By Peter McLoughlin @PeterGownArts
My face hurt. It felt like my arms do after climbing – spent. I had laughed too much. The bulk of Masterslut, by actor/comedian/writer/poet/ virtuoso (/shambles(?)) Tim Key, is traditional(ish) stand-up comedy. But Key is evidently bold enough to explore the dynamics of the stage, the audience, and the nuances of overlapping art forms in the construction of his show: infused throughout Masterslut are moments of reflection (in a bath); personal interaction (clambering, towelling) and creative collaboration (sharp video/audio accompaniments).
The comedy primarily comes from Key’s schizophrenic stage character – who I’ll refer to as ‘Tim’. Tim switches from aggressive to charming; from sharp to apparently rambling; from friendly to obtuse about 18 times a minute. Tim is the obvious example of the extent of the ‘show’ in Masterslut. While all comedians act, to an extent (the majority of it is rehearsed after all), Key’s character is truly frenetic. Masterslut is no mere comedy-routine – it is a dramatic comic performance.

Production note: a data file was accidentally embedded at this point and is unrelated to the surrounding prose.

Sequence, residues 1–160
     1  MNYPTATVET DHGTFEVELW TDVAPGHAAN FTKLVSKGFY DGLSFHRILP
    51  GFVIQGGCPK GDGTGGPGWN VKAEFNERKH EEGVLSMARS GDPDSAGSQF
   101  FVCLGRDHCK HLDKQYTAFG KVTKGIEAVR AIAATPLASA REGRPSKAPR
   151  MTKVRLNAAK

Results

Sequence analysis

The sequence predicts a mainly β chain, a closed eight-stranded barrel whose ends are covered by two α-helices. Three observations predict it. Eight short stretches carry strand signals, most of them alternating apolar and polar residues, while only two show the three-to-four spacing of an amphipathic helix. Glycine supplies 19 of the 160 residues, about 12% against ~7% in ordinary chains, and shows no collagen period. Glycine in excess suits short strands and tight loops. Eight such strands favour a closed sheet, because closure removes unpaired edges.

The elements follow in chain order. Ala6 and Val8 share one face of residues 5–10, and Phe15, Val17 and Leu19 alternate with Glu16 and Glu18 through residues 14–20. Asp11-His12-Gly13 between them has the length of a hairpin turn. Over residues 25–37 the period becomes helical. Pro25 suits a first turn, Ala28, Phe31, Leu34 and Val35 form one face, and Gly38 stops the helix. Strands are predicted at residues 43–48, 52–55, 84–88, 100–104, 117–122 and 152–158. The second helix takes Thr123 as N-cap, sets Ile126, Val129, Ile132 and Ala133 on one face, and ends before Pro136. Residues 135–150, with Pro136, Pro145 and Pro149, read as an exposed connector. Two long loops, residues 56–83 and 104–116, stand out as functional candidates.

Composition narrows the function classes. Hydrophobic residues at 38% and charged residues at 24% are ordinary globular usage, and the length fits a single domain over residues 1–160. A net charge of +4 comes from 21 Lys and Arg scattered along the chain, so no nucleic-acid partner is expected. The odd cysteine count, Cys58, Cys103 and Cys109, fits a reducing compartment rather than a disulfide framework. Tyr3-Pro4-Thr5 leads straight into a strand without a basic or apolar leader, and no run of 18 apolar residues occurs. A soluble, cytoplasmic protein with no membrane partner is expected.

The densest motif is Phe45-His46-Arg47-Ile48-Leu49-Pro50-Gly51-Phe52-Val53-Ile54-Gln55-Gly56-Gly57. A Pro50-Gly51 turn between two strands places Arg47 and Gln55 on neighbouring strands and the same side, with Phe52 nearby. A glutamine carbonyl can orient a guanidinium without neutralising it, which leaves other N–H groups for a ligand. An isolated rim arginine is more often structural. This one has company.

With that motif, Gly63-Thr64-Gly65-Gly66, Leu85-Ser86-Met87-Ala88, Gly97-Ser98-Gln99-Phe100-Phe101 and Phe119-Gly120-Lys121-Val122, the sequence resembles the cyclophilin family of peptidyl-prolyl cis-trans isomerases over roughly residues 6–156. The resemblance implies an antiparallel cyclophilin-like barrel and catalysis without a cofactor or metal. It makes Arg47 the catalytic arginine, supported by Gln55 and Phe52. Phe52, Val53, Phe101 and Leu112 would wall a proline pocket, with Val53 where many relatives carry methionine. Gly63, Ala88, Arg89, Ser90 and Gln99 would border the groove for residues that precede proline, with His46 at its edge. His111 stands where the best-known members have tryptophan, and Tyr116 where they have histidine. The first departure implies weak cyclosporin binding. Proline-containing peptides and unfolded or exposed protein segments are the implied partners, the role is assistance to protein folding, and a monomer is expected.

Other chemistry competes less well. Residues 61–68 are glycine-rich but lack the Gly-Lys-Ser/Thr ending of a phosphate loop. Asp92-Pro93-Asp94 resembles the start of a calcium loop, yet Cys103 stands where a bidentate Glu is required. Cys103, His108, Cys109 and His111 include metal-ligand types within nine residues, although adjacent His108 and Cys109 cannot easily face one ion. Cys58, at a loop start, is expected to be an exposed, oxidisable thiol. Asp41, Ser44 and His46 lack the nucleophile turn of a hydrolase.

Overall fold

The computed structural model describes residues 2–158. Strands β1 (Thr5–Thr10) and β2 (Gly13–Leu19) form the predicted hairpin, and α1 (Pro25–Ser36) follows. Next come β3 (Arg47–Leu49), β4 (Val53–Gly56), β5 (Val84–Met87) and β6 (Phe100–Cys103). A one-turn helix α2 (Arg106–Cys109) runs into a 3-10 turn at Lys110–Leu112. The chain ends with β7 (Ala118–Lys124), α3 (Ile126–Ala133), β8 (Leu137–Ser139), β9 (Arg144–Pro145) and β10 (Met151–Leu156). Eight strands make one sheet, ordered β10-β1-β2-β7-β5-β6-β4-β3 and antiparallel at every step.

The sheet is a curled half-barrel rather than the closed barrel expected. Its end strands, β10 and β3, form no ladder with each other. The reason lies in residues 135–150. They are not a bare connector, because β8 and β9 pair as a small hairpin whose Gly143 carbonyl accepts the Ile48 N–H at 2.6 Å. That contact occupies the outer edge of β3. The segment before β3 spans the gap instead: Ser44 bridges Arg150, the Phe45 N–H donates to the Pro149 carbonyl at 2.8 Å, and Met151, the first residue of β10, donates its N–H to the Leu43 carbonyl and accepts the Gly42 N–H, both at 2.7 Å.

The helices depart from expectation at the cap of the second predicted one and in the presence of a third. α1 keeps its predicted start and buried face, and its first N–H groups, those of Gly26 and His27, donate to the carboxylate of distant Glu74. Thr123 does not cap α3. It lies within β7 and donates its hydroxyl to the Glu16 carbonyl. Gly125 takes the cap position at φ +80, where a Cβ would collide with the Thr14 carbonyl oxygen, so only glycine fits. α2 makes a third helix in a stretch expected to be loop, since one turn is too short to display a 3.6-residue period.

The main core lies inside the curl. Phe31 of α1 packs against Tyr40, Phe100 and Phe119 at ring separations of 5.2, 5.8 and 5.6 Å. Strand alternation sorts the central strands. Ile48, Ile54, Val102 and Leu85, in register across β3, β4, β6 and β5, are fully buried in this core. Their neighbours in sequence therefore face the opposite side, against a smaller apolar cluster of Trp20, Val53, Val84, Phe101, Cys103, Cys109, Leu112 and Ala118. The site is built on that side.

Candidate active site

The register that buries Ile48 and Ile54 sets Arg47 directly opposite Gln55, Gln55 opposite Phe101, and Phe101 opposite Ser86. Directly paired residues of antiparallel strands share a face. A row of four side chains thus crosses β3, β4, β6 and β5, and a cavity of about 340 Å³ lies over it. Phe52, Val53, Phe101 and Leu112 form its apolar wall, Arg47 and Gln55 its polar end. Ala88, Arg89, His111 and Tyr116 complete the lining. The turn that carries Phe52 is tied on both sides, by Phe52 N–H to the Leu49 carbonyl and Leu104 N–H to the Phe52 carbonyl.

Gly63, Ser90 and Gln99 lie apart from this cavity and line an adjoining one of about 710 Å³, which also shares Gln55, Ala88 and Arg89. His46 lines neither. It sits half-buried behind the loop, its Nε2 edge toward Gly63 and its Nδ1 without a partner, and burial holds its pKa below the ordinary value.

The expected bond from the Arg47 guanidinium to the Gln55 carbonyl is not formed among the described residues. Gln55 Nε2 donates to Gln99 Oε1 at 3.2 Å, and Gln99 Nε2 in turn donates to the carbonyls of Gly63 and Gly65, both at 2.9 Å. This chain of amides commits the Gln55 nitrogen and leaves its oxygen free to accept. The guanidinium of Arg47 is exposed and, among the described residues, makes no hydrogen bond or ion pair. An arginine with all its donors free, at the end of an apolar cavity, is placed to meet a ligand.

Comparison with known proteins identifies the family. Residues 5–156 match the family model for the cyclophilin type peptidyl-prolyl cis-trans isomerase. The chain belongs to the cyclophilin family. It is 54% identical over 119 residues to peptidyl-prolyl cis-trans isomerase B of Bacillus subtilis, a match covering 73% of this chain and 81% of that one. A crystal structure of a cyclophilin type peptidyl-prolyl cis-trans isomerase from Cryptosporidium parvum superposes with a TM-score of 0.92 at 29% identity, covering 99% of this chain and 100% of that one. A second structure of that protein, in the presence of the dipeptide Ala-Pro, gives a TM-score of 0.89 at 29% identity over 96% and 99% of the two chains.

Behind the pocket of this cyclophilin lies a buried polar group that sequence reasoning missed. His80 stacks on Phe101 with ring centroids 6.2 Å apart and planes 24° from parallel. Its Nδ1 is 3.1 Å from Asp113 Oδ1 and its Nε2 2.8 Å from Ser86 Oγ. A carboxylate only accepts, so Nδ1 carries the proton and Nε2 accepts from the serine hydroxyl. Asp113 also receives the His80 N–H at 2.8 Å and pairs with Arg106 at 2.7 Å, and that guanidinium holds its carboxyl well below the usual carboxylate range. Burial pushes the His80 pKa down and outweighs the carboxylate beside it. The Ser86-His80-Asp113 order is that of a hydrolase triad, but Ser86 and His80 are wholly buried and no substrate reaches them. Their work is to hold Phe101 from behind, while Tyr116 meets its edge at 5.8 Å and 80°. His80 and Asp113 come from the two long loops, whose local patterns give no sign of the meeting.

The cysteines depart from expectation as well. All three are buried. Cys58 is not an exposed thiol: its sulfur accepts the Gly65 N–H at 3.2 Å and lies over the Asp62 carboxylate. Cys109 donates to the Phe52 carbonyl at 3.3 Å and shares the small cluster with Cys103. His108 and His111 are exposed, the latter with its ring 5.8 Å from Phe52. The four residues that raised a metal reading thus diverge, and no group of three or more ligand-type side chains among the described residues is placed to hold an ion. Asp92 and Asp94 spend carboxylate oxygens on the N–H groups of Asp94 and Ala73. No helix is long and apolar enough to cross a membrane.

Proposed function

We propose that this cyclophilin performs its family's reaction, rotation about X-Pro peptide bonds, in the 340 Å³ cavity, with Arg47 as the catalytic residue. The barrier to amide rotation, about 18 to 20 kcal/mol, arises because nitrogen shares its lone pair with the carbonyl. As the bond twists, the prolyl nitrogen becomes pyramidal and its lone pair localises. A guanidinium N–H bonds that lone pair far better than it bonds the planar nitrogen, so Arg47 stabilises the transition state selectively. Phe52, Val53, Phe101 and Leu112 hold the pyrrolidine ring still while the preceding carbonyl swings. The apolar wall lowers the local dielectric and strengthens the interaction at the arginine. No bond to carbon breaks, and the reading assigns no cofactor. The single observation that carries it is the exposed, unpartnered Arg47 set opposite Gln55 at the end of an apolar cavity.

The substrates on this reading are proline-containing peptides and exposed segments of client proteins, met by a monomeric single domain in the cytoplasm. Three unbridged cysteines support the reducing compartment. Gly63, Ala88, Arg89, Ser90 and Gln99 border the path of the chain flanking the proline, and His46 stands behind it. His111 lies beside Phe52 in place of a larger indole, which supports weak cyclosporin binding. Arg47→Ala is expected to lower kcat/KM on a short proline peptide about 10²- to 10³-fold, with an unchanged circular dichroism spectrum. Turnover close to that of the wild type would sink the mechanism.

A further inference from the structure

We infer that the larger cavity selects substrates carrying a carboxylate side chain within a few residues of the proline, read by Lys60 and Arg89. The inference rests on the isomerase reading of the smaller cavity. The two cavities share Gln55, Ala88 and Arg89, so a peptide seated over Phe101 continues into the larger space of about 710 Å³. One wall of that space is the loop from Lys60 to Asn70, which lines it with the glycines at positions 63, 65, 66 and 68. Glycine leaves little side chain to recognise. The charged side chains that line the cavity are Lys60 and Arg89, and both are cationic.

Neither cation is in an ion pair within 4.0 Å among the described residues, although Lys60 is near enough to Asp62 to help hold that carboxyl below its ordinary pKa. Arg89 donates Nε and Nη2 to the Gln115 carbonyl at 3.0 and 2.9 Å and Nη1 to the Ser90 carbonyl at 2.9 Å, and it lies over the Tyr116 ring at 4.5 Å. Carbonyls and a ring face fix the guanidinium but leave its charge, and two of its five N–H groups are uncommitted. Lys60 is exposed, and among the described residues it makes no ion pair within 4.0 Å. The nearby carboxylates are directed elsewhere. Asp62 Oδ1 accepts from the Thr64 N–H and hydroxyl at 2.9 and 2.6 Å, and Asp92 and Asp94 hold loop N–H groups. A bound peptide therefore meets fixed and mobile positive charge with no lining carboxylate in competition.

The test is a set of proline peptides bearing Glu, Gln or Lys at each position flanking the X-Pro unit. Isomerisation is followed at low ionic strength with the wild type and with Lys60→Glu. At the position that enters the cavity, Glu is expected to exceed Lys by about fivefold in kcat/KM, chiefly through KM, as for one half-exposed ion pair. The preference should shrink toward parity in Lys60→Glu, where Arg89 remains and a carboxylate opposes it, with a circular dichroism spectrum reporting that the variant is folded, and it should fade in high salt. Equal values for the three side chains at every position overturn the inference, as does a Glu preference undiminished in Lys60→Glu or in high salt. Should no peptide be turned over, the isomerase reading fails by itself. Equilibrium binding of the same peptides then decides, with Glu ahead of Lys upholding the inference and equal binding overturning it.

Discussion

How Tim interacted with the audience too was quite brilliant. As the show opened, Tim appeared at the back of the theatre, and a map of the auditorium’s seating plan was projected on stage. The seating plan had a ‘route’ drawn through the middle of it, and Key duly clambered over the audience, kissing some, frisking others, making his way to the stage.
He played an almost brilliant game of ‘one-word-at-a-time’ – I say almost because the audience were a bit oblivious in their participation (Tim: ‘give me a word that starts a story?’ – Audience member: ‘…hello?